The basic principles of the Functional Generative Description (FGD) were formulated at the beginning of the 60’s of the 20th century by Petr Sgall and have been gradually developed by his students and followers (Sgall, 1967a, Sgall et al., 1969, Hajičová, 1975, Sgall et al., 1980, Panevová, 1980, Sgall et al., 1986, etc.). From the linguistic point of view, FGD is based on the tenets of the functionally oriented Prague School of Linguistics. From the formal point of view, it represents a dependency-based generative description, an original alternative to the Chomskyan transformational grammar. The distinctive features of FGD can be formulated as follows:
The original formulation of FGD stipulates the following layers:
As the lower layers of the language description (esp. phonetic and phonological) have been thoroughly studied and described by classical authors of the Prague School of Linguistics, FGD focuses on the higher layers of the language description, from the morphemic one through the surface syntax to its primary goal – the tectogrammatical layer.
On the three lower layers, the sentence is described in a form of a string, whereas on the two syntactic layers, it is represented as a dependency tree, with the verb as the root of the tree.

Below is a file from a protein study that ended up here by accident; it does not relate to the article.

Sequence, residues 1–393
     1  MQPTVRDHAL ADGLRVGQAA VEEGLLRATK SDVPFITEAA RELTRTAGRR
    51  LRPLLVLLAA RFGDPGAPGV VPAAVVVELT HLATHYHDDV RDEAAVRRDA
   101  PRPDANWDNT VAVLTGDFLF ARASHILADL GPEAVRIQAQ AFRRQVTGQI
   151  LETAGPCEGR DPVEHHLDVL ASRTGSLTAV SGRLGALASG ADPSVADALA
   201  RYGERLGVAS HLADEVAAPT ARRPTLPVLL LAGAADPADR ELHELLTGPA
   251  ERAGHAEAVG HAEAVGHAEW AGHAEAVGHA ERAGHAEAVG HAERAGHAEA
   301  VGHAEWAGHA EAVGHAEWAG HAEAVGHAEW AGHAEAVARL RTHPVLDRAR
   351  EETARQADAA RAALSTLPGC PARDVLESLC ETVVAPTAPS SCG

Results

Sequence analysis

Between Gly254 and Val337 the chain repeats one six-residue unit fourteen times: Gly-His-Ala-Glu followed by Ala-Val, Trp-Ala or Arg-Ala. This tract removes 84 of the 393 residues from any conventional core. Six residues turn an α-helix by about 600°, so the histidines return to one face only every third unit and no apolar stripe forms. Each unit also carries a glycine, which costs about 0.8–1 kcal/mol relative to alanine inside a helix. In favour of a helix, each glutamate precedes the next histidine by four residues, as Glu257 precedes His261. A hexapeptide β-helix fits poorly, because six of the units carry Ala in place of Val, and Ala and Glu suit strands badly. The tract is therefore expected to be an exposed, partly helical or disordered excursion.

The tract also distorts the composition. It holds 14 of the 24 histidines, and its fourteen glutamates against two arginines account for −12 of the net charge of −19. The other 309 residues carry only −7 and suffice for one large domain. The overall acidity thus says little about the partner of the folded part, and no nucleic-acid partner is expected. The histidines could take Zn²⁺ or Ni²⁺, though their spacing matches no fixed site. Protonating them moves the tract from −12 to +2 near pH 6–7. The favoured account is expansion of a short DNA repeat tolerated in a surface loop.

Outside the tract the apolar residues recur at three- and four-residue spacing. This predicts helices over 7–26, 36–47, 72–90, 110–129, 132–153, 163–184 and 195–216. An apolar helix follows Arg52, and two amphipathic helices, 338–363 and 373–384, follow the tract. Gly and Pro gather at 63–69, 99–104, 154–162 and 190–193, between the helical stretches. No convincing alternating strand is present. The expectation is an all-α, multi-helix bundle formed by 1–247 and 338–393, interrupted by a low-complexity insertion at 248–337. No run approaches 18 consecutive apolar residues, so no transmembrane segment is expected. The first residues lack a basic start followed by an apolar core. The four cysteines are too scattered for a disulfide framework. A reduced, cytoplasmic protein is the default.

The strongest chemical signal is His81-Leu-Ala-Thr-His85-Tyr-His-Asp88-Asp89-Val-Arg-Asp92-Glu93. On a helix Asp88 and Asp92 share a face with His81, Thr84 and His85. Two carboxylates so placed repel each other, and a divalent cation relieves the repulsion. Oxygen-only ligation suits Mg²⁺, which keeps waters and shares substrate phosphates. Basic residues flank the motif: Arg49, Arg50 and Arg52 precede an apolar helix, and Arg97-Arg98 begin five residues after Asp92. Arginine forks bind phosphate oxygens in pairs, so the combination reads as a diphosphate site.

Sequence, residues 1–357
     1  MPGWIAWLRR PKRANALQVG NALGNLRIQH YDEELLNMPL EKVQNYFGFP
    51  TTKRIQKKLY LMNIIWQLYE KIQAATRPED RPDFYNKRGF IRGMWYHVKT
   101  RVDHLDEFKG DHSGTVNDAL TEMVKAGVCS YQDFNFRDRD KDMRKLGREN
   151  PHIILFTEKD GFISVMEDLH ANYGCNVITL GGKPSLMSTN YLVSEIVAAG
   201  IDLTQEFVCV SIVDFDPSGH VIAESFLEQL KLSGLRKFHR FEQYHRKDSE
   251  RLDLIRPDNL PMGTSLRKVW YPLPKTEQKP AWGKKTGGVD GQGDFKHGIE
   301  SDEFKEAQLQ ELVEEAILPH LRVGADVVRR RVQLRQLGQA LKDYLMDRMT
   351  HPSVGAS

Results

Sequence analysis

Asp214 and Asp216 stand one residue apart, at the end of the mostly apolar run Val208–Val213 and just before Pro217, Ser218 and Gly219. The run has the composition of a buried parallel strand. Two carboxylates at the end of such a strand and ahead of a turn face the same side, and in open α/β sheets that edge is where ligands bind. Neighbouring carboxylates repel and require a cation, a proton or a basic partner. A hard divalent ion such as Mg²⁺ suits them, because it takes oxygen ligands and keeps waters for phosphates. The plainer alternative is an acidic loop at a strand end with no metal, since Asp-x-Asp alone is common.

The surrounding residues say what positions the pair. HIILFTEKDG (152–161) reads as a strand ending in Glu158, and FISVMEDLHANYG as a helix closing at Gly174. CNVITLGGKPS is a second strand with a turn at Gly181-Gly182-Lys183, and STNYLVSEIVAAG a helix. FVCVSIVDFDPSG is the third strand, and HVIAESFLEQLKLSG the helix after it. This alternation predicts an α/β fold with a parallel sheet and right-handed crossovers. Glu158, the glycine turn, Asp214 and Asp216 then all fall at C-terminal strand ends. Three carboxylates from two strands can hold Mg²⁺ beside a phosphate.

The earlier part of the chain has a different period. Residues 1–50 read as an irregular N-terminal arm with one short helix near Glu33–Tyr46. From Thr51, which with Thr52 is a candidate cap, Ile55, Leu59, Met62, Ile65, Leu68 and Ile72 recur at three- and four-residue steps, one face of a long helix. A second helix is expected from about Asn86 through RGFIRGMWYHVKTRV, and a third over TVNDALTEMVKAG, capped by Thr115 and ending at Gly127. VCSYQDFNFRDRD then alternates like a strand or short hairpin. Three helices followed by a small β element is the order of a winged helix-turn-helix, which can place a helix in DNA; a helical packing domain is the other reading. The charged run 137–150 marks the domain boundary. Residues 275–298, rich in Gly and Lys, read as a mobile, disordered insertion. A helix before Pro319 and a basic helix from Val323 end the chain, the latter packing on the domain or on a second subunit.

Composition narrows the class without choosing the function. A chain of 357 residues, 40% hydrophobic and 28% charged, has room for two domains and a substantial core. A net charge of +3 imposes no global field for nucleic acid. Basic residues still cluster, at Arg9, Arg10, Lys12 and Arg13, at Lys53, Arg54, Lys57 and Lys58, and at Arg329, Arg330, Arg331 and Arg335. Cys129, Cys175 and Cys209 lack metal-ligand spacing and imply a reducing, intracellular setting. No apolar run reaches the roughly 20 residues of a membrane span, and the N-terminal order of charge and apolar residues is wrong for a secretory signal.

The theoretical framework of FGD serves as a basis for the Prague Dependency Treebank (Hajič et al., 2006, Bejček et al., 2013) and its successors as esp. Prague Czech-English Dependency Treebank (Hajič et al, 2011).
The primary focus of FGD is the tectogrammatical (underlying syntactic) layer (esp. Sgall et al., 1986, Hajičová, 2006, Panevová et al., 2014). The tectogrammatical representation describes the meaning of the sentence, thus synonymous sentences have a single representation on this level, while an ambiguous sentence has more than one tectogrammatical representation. The tectogrammatical layer contains complete information on the sentence required for its transduction on the lower layers.
The tectogrammatical representation is described in a form of a dependency tree, where individual nodes represent the meaning units of the sentence (containing their lexical and (deep) morphological information) and edges stand for (deep) syntactic relations between the relevant nodes (Petkevič, 1995, Sgall et al., 1986).
In addition to the “vertical dimension” of the dependency tree, which captures the relations between a head (governor) and its modifiers (dependents), the “horizontal dimension” – i.e., the order of the nodes from left to right – represents the deep word order which accounts for the information structure of the sentence, i.e., its topic-focus articulation (TFA).